How to Protect Your Small Business From a Cyber Attack
Worrying about cyberattacks isn’t enough to safeguard your business. If thoughts of cyber attacks on your small business are keeping you awake at night, it’s time to take definitive action. If you think that a small business isn’t going to be subject to the same cybersecurity issues of a major corporation, the truth is those small businesses aren’t exempt from cyber attacks.
The Verizon 2019 Data Breach Investigations Report shows a massive 43 percent of data breaches involved small businesses, those being organizations with fewer than 250 employees. While big companies might seem like lucrative financial targets, they have wised up to common cyber-attack methods and invested in countermeasures. Small businesses tend to skate by on subpar security and a lot of hope.
It’s not worth the risk, no matter how small your business is. The Ponemon Cost of Data Breach report shows the average global cost of a data breach is $3.92 million, which is up since the 2018 study. In the United States, costs are even higher with an average total cost of $8.19 million for a data breach. While a small business might not face that scale of devastation, it’s easy to see how a hefty financial consequence can shutter a business with fewer resources.
According to the Ponemon report, it takes an average of 279 days to identify and contain a breach. That’s a long time and it’s all spent in damage control mode. The longer that life cycle is, Ponemon adds, the greater the total cost. That goes to show that it’s a lot easier and less expensive to tackle a cyber attack through prevention, rather than reacting to something that’s already happened. Here’s what you can do.
Install and Upgrade Software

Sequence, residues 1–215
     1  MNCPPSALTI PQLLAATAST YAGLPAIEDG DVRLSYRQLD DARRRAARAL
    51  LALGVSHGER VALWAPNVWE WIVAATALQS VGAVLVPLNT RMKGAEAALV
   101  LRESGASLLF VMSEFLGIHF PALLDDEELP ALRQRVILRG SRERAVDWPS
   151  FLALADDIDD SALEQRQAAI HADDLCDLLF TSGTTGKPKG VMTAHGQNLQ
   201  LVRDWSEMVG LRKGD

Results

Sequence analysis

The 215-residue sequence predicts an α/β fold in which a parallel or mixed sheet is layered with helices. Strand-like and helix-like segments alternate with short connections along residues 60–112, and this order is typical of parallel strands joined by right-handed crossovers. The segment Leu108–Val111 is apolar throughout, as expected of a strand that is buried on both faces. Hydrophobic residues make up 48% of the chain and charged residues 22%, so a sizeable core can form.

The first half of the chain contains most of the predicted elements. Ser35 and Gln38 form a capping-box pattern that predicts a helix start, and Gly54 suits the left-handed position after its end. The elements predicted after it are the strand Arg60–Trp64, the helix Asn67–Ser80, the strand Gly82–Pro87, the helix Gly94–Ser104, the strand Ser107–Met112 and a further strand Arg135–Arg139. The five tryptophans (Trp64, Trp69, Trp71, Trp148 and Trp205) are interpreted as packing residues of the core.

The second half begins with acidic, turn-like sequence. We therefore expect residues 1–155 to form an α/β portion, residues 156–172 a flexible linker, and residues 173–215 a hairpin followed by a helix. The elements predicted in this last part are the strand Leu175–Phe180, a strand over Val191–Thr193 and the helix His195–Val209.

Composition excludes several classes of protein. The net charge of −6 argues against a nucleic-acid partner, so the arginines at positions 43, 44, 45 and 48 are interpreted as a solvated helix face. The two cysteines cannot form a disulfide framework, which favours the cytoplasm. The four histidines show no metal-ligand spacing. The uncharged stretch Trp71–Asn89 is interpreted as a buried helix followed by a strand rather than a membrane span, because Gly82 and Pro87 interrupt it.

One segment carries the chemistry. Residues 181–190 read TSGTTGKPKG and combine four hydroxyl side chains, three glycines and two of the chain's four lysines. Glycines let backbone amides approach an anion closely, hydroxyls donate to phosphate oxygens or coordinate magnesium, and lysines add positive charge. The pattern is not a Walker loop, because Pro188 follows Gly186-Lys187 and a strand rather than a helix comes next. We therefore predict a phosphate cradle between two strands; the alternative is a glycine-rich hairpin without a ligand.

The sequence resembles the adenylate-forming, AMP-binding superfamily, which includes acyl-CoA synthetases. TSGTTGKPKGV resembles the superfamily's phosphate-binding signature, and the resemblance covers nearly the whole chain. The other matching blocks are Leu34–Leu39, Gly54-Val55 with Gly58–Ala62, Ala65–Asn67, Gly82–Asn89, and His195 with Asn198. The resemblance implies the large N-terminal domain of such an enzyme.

You should have anti-virus and anti-spyware software in place. Regularly update and upgrade these systems. For small businesses, this type of software can be very affordable. Many programs operate on a per-user fee.
Safeguard Your Internet Connection
Add firewalls, encrypt your information, use a secured or hidden Wi-Fi network, and password-protect routers. Wherever there’s a potential for unwanted intrusion, secure it. The Ponemon report indicates that using encryption extensively reduces the cost of a data breach by an average of $360,000. That’s just one example of how safeguarding your connection pays off.
Develop a Cybersecurity Policy
With a strong cybersecurity policy, you can ensure that all employees know and understand how to protect themselves and business data from attack. A lot of business data is at risk not because of high-level, sophisticated hacks or viruses, but because the data is simply not secure. A Varonis report shows just how much data is at risk, finding 58 percent of surveyed businesses have over 100,000 folders unsecured and open to everyone in the company. Worse, 41 percent have over 1000 sensitive files open to everyone.
A cybersecurity policy sets out expectations for data access, ensuring that only people who should have access to privileged or sensitive files are able to get into those folders and documents. It’s easy to slack in this area, especially as a small business with only a few employees to consider, but it’s an important measure.
Use the policy to develop safe practices for areas like employee devices, software updates, data transfer, and how employees will be disciplined if they fail to adhere to the policy.
Back Up Data
Secure, reliable backups ensure that you have redundancies in place if your data is breached. You can get back online and back to work easily, reducing the costly life cycle of a cyber breach.
The Ponemon report found that human error is the root cause of 24 percent of data breaches. Employees need to not only understand your cybersecurity policy, but follow it to the letter, encouraged by training. You should ensure that employees are trained on key security measures. Passwords might seem like a simple concept but they’re often a weak point for cybersecurity.
The same Varonis report outlines startling statistics on passwords: 65 percent of companies have over 500 users with passwords that never expire, giving hackers a place to enter via brute force. Set up expiring passwords and train your employees on not just how they’re used, but why this measure is in place.
Other training topics to cover include phishing emails, secure browsing, avoiding suspicious downloads, and how to steward sensitive information.
We’ve talked about the ways PILLAR can protect your business from cyberattacks, with the right software, systems, security measures, and policies in place to meet your needs. Call us at (212) 255-3970 to get started with a free onsite audit!